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The delegation of First Nations, Métis and Inuit representatives, which includes survivors of residential schools along with Indigenous leaders, was originally scheduled to meet with the Pope in December.Andrew Medichini/The Associated Press

An Indigenous delegation to visit Pope Francis at the Vatican is now slated for the end of March, a trip some residential school survivors hope will pave the way for a papal apology in Canada.

The delegation of First Nations, Métis and Inuit representatives, which includes survivors of residential schools along with Indigenous leaders, was originally scheduled to meet with the Pope in December but the visit was postponed because of health concerns over the Omicron variant.

The trip is now set for March 28 to April 1, the Canadian Conference of Catholic Bishops said in a release.

“We remain committed to walking toward healing and reconciliation and very much look forward to the opportunity for Indigenous elders, knowledge keepers, residential school survivors, and youth to meet with Pope Francis,” the CCCB said.

Pope Francis will meet with each of the three Indigenous groups starting on March 28, with one-hour sessions scheduled per day. A final audience with all participants will happen on April 1. The CCCB is planning the trip, along with the Assembly of First Nations, Métis National Council, and Inuit Tapiriit Kanatami.

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The trip is planned ahead of the Pope’s promised visit to Canada, though a date for that has not been scheduled. For years, survivors have asked for a public apology from the Pope over the Catholic Church’s role in running residential schools. The Truth and Reconciliation Commission also asked for a papal apology to be made in Canada, a call to action in 2015 that the church has not yet fulfilled.

Métis National Council president Cassidy Caron, who will be the spokesperson for the MNC delegation, said she is glad a new date has been set. “I look forward to continuing to work with Métis Nation citizens to ensure our stories, especially those of Métis survivors, are shared with Pope Francis,” she said in an e-mail.

About 30 representatives will form part of the official delegation; the April 1 final audience with the Pope is expected to be a larger group of between 150 and 200 participants, including some family members of survivors. Six bishops are also due to attend; the costs of the delegation are being covered by the CCCB.

Residential school survivors have said they are seeking several responses from the church: an apology, reparations, and a commitment to share all historical documents about residential schools, whether they are in Canada or housed in the Vatican’s archives.

Inuit Tapiriit Kanatami president Natan Obed said he is encouraged by the confirmation of new dates.

“This visit, and a direct personal encounter between Pope Francis and Inuit delegates, is a necessary part of our shared healing,” said Mr. Obed, who will lead the Inuit delegation, which will include six other Inuit representatives. He added they are “committed to finally sitting down for an action-oriented discussion with Pope Francis.”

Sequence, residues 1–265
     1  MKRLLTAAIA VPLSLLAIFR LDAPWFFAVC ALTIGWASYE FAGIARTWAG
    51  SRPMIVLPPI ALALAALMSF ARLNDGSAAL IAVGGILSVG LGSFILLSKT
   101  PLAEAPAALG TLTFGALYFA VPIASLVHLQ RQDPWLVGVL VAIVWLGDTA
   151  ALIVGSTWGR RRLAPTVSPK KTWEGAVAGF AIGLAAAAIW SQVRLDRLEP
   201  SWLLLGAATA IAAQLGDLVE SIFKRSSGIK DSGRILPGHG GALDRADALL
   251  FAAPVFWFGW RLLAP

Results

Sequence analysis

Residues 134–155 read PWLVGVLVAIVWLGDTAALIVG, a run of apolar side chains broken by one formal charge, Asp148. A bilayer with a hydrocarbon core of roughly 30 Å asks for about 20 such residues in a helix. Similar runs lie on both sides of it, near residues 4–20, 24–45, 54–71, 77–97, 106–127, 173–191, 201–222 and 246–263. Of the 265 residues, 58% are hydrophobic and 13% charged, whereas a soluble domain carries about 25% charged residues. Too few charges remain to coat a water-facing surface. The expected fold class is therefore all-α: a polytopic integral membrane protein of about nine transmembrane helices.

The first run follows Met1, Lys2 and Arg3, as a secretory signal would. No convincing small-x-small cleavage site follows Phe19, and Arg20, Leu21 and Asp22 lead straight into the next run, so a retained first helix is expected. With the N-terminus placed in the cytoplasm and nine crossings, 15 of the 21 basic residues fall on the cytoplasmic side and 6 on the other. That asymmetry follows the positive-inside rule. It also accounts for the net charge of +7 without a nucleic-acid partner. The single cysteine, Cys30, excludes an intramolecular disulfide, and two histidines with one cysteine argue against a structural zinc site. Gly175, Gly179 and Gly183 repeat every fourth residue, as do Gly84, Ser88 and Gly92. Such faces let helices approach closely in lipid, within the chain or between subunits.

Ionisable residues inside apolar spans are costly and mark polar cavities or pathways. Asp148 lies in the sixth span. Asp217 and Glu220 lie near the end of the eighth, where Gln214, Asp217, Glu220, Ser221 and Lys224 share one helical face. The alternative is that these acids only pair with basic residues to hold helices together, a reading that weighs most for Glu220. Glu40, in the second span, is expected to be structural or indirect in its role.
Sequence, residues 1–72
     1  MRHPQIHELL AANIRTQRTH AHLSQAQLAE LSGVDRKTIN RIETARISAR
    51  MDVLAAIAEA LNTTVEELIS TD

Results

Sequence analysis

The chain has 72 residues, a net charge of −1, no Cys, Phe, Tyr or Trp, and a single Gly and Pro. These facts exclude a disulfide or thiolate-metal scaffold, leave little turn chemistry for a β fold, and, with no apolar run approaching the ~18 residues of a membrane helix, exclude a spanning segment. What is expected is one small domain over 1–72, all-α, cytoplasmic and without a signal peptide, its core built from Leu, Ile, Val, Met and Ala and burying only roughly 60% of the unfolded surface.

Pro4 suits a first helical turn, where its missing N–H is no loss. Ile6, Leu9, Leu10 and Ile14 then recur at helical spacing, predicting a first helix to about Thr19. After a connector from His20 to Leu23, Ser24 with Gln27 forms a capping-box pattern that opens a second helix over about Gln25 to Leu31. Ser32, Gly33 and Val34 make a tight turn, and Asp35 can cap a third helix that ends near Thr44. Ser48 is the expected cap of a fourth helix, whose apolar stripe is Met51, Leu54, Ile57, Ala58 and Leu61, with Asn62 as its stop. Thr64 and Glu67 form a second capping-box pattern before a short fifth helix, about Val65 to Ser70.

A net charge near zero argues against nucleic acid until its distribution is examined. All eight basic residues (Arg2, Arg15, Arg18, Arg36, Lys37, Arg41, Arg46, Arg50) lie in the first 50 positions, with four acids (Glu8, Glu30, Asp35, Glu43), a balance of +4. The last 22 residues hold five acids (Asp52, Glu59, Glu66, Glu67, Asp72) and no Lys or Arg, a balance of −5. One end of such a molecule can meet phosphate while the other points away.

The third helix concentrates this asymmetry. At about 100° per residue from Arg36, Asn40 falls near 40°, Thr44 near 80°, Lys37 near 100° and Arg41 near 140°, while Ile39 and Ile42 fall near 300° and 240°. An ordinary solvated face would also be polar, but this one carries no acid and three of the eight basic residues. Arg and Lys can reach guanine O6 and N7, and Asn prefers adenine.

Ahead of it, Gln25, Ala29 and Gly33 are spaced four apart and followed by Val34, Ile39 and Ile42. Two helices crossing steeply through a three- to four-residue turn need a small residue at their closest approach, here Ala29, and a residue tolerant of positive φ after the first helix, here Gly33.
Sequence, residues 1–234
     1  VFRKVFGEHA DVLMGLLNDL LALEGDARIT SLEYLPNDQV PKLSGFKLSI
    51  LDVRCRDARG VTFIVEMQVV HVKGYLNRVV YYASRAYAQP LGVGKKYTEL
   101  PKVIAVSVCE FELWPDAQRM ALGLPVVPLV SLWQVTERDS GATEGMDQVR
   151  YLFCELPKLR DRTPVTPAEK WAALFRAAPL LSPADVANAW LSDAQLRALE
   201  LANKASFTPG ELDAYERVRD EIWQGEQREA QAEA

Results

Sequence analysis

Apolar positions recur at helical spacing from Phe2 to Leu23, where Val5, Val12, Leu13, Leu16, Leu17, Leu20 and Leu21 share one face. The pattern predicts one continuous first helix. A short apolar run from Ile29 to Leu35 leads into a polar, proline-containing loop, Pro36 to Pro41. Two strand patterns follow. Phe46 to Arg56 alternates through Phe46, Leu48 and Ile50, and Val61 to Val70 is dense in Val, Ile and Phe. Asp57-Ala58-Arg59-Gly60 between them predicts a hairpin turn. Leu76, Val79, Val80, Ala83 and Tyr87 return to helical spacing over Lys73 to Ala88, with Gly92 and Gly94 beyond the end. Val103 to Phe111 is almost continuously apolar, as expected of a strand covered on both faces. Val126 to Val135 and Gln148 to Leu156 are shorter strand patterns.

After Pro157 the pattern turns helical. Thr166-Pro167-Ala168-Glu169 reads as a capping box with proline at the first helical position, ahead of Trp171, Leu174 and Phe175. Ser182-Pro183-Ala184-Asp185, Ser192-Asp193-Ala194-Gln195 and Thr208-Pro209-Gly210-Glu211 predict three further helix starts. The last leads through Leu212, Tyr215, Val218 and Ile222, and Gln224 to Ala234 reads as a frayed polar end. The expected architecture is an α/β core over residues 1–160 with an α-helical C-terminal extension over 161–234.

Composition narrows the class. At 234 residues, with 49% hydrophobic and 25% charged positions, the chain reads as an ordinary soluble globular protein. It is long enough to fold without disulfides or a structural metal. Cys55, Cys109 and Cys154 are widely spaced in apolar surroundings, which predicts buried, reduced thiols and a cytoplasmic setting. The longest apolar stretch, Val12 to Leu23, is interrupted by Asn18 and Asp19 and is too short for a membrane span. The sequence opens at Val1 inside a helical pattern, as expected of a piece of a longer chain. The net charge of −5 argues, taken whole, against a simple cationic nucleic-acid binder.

The plans could shift again if public-health concerns resurface.

The health and safety of the delegates “remain our first priority,” the statement said. In the weeks ahead, the CCCB will monitor conditions leading up to the trip and “continue our dialogue with delegates, public-health officials as well as the relevant government and international authorities, travelling only when we feel it is safe to do so.”

The Catholic Church ran the majority of Canada’s government-funded residential schools, which operated for more than a century. At least 150,000 Indigenous children were removed from their families, and forced into a system designed to strip them of their language and culture. More than 4,000 children died at the schools, the National Centre for Truth and Reconciliation has found, amid disease, abuse, neglect and malnourishment.

The Vatican visit is planned as the church is starting a new national fundraising campaign for reconciliation efforts, and after a public outcry over the discoveries of hundreds of unmarked graves last year at former residential school sites.

Last week, Williams Lake First Nation in B.C. was the latest to announce preliminary results of its investigation: A search using ground-penetrating radar and other techniques near a former Roman Catholic Church institution showed 93 potential human burials, of which 50 appear not associated with a historical cemetery.

Meanwhile, Canada’s bishops announced they will create a new registered charity to support the fundraising campaign, which has a target of $30-million over up to five years. A previous campaign raised just $3.7-million of a targeted $25-million, funds that were meant to go toward healing initiatives.

A CCCB statement acknowledged the problems in the earlier, failed campaign. “We have recognized the shortcomings of this [previous] campaign and learned critically important lessons to ensure that the Indigenous reconciliation fund is fully funded and well-managed with appropriate oversight.”

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